Instagram is "a fast, beautiful and fun way to share your photos with friends and family. Snap a picture, choose a filter to transform its look and feel, then post to Instagram...it's photo sharing, reinvented." (Retrieved from http://www.instagram.com)
Here is a great post with pictures to explain how Instagram works from YourSphere for Parents.
What Parents Need to Know
"Parents need to know that Instagram is a popular platform for instantly enhancing photos with cool effects and sharing them across a number of social media platforms. The terms specify that users should be at least 13 years old and should not post partially nude or sexually suggestive photos but do not prohibit the portrayal of violence, swear words, or drugs. Users can flag photos for review, but mature content still appears in some photos and in the comment sections. Photos shared in Instagram are public and may have location information unless privacy settings are enabled." (Retrieved from http://www.commonsensemedia.org/mobile-app-reviews/instagram)
Parents also need to know the negative effects of children using Instagram unmonitored. What started as a fun way to share photos with friends and family, has been corrupted by users with a more malicious intent. As most parents do, they speak about appropriate photos to post, privacy settings, and only sharing with people you know. However, this is simply not enough these days. Here are some tips gathered from http://sociallyactive.com/instagram-and-kids-a-parents-guide.
- You can browse through all photos posted by a user by going to Instagram.com/[USER NAME]. You should be monitoring your child's usage daily.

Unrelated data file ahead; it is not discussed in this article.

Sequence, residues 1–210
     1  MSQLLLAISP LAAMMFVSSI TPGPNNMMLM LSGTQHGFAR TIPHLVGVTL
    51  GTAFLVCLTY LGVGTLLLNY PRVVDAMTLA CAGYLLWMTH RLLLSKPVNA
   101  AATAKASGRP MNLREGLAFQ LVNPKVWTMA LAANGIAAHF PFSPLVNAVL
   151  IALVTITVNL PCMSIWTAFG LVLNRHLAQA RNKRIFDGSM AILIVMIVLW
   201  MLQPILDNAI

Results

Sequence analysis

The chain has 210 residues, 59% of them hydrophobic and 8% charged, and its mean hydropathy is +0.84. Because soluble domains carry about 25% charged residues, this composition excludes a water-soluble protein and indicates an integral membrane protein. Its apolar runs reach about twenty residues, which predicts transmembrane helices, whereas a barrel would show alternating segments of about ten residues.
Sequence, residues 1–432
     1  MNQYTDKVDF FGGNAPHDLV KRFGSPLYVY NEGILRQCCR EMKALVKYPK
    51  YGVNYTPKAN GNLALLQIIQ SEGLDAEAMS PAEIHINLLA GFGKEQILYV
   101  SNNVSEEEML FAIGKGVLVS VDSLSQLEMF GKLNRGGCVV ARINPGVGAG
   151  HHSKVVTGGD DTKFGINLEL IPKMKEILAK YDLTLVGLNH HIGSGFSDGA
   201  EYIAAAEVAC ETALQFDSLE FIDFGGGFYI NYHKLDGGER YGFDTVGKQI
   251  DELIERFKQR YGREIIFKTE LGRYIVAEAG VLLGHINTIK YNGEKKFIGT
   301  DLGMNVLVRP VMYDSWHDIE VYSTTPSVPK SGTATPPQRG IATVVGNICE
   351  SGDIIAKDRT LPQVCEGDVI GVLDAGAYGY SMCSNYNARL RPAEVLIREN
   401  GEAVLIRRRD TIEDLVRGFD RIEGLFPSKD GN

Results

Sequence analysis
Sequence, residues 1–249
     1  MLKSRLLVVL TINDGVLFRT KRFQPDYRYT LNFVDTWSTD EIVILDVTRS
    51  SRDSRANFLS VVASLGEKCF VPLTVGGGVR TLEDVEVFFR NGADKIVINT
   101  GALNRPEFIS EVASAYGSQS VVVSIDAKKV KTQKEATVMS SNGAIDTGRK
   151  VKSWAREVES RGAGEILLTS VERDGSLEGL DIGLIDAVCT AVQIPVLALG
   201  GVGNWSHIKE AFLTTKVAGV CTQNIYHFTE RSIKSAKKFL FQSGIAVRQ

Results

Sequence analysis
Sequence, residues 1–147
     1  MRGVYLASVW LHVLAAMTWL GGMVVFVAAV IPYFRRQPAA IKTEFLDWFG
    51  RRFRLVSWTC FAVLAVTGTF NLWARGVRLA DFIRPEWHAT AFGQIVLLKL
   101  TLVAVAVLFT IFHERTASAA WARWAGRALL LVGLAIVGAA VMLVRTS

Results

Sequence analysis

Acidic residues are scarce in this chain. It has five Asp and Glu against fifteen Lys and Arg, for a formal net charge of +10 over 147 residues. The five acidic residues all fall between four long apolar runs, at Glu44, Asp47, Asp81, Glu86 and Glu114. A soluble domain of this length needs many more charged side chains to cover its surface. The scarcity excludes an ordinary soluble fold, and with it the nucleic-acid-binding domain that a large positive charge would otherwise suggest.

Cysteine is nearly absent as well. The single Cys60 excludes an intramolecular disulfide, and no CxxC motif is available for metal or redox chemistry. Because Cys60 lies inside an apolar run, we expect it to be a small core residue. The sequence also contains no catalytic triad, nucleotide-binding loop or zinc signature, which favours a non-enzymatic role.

- When you sign up for Instagram you get to create a user name. Make sure your child is not using their real first and last names to create their accounts.
- There is also an optional phone number section where users can submit their phone number as part of their public profile. Do not allow your child to enter this personal information.
- Online predators often create fake accounts to gain access to children's photos (such as family beach vacation photos). Then they can share pictures posted on inappropriate message boards.
- When someone "follows" your child on Instagram, they have access to the user's profile information and photos. This means they know your child's real first name, last name and possibly phone number when they registered for an account, in addition to a photo history of their daily activities.
- Make sure the "Add to Photo Map" option is set to off. This creates a map of where each photo was taken. If your photos are already set to private, then no one (even followers) can see the map. This is also referred to as "geo-tagging."
- If your child doesn't know who the person is in real life, then they should not accept them as a follower. Many children use the number of followers as a competition between other peers - this is not safe.
- Discourage your child to post photos of themselves or friends. If there aren't these photos posted, it increases their online safety.
Here are additional blog posts from parents and educators that give light to the negative activities that occur on Instagram everyday. Thank you to an aware parent at our school for bringing these to my attention! :)